Tidal sedimentology and geomorphology in the central Salish Sea straits, British Columbia and Washington State




Mullan, Sean

Journal Title

Journal ISSN

Volume Title



Intra-archipelago waterways, including tidal strait networks, present a complex set of barriers to, and conduits for sediment transport between marine basins. Tidal straits may also be the least well understood tide-dominated sedimentary environment. To address these issues, currents, sediment transport pathways, and seabed sedimentology & geomorphology were studied in the central Salish Sea (Gulf and San Juan Islands region) of British Columbia, Canada and Washington State, USA. A variety of data types were integrated: 3D & 2D tidal models, multibeam bathymetry & backscatter, seabed video, grab samples, cores and seismic reflection. This dissertation included the first regional sediment transport modelling study of the central Salish Sea. Lagrangian particle dispersal simulations were driven by 2D tidal hydrodynamics (~59-days). It was found that flood-tide dominance through narrow intra-archipelago connecting straits resulted in the transfer of sediment into the inland Strait of Georgia, an apparent sediment sink. The formative/maintenance processes at a variety of seabed landforms, including a banner bank with giant dunes, were explained with modelled tides and sediment transport. Deglacial history and modern lateral sedimentological and morphological transitions were also considered. Based on this modern environment, adjustments to the tidal strait facies model were identified. In addition, erosion and deposition patterns across the banner bank (dune complex) were monitored with 8-repeat multibeam sonar surveys (~10 years). With these data, spatially variable bathymetric change detection techniques were explored: A) a cell-by-cell probabilistic depth uncertainty-based threshold (t-test); and B) coherent clusters of change pixels identified with the local Moran's Ii spatial autocorrelation statistic. Uncertainty about volumetric change is a considerable challenge in seabed change research, compared to terrestrial studies. Consideration of volumetric change confidence intervals tempers interpretations and communicates metadata. Techniques A & B may both be used to restrict volumetric change calculations in area, to exclude low relative bathymetric change signal areas.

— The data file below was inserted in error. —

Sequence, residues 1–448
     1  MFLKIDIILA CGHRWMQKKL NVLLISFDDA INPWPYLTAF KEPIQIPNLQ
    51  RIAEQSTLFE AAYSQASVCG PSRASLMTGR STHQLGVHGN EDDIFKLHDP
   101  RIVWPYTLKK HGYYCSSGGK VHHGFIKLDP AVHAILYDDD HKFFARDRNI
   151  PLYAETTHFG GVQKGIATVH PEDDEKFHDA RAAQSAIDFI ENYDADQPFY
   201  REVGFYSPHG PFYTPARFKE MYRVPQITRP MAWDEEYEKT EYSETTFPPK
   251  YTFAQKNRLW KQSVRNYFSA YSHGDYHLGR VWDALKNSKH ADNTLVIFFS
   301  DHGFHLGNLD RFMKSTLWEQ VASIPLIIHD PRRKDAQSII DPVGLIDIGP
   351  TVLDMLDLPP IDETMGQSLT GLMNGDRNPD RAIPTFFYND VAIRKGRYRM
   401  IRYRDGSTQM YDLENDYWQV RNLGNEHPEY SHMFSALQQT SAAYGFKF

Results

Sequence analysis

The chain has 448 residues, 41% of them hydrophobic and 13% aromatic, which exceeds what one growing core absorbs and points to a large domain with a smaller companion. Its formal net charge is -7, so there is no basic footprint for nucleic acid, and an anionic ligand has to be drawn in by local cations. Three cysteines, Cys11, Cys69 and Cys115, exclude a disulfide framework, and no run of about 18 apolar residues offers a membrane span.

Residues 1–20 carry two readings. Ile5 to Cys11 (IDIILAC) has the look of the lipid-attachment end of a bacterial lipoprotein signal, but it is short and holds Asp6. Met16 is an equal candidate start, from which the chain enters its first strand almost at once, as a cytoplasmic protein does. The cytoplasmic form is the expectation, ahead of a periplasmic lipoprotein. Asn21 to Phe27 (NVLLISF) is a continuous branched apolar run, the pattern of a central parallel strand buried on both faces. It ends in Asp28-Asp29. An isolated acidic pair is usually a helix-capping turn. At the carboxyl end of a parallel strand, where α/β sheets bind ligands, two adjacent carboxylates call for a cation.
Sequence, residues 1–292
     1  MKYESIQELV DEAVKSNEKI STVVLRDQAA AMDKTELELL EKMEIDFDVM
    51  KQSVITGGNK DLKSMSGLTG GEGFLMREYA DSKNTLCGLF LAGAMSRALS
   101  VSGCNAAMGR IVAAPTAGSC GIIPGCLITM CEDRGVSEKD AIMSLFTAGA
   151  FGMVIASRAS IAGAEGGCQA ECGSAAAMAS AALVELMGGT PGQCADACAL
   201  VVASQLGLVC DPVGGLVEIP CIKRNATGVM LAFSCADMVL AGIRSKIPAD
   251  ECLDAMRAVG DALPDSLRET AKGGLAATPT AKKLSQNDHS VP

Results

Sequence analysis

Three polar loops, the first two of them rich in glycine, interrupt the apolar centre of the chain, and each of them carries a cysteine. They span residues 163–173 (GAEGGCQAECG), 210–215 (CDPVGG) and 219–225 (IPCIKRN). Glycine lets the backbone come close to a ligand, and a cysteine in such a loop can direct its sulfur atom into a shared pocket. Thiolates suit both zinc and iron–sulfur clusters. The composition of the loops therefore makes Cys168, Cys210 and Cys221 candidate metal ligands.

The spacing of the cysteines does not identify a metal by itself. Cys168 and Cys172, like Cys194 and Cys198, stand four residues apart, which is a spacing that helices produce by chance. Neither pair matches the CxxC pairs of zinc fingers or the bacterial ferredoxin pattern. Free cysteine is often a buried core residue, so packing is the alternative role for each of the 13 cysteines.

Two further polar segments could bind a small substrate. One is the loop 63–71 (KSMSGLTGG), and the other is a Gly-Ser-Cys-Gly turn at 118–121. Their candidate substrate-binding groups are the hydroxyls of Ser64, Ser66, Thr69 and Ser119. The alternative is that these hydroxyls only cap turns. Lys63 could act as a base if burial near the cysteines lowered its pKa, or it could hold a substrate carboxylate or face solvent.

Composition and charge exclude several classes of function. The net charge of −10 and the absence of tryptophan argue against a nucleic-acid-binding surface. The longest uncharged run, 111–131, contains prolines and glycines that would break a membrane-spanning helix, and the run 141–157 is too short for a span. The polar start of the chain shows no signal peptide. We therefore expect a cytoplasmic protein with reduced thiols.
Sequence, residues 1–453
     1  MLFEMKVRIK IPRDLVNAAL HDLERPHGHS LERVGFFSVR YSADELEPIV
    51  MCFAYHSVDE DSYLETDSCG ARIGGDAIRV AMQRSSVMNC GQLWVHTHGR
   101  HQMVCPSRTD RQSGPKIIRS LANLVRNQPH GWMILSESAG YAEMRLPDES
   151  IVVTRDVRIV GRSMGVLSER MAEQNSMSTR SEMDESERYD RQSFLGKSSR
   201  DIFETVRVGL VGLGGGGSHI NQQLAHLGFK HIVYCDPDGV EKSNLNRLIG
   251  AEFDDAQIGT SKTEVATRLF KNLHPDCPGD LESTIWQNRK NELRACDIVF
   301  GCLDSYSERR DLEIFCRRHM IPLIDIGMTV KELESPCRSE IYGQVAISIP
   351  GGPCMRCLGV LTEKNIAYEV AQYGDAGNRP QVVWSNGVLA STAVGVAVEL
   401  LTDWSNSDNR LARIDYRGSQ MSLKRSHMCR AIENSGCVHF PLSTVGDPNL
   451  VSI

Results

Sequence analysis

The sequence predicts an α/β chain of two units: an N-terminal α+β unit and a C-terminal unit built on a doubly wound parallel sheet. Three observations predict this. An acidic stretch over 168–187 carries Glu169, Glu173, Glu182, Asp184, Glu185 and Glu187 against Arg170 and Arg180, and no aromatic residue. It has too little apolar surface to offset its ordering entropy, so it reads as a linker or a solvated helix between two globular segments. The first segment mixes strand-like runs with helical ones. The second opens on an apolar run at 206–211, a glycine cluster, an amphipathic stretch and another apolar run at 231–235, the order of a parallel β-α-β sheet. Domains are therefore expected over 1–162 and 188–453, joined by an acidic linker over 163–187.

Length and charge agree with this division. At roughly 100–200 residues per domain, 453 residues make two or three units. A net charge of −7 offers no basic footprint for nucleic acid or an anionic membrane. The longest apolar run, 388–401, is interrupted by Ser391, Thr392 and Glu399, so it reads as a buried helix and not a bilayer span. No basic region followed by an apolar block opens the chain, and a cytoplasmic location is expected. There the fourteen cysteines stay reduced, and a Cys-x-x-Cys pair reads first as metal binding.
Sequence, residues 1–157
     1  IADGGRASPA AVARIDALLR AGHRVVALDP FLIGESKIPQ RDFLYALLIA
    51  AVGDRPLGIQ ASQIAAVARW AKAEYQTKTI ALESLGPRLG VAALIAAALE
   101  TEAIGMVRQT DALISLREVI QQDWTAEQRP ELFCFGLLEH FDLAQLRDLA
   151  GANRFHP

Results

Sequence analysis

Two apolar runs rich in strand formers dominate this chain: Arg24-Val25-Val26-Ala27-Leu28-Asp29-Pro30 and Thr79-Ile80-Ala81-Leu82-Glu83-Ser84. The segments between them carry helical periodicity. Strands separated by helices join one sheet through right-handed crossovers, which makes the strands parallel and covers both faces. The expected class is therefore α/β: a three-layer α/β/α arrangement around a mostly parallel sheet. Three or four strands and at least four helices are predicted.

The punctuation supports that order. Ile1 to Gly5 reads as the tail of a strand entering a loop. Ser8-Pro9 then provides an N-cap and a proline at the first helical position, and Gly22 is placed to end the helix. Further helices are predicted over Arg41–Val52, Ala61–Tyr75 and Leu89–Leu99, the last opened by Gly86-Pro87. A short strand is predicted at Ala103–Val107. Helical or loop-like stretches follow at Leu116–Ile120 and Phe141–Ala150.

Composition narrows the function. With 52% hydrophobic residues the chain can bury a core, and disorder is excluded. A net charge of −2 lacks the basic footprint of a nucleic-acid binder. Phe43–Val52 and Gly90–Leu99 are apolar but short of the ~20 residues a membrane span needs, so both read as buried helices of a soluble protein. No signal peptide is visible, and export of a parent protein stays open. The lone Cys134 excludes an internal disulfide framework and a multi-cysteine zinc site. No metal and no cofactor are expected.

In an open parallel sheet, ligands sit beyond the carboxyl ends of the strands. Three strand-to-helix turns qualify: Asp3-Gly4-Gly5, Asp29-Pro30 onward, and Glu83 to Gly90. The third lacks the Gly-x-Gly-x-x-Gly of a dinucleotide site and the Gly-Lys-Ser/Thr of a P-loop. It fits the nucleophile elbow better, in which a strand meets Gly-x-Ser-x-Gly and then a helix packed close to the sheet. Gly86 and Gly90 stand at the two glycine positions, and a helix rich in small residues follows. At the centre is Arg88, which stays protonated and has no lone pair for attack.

tidal strait networks, sediment transport pathways, seabed sedimentology, marine geomorphology, Salish Sea, Gulf Islands, San Juan Islands, multibeam bathymetry, Lagrangian particle dispersal, tidal hydrodynamics, Strait of Georgia, Strait of Juan de Fuca, banner bank, giant dunes, tidal strait facies model, bathymetric change detection, t-test, local Moran's Ii, depth uncertainty, volumetric change confidence intervals, deglacial history, repeat surveys, sand dynamics, tides, sonar, marine renewable energy, offshore pipelines and cables, benthic habitat, spatial autocorrelation, spatial analysis and statistics, geographic information system (GIS), finite element method (FEM)